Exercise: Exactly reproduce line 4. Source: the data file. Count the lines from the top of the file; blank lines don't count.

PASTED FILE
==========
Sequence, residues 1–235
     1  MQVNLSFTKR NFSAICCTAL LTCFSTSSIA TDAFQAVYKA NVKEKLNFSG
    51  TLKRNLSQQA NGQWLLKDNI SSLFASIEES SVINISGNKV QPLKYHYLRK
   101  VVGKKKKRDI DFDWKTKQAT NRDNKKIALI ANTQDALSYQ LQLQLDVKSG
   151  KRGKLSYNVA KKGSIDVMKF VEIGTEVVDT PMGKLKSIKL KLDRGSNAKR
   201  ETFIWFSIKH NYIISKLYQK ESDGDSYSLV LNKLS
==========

   101  VVGKKKKRDI DFDWKTKQAT NRDNKKIALI ANTQDALSYQ LQLQLDVKSG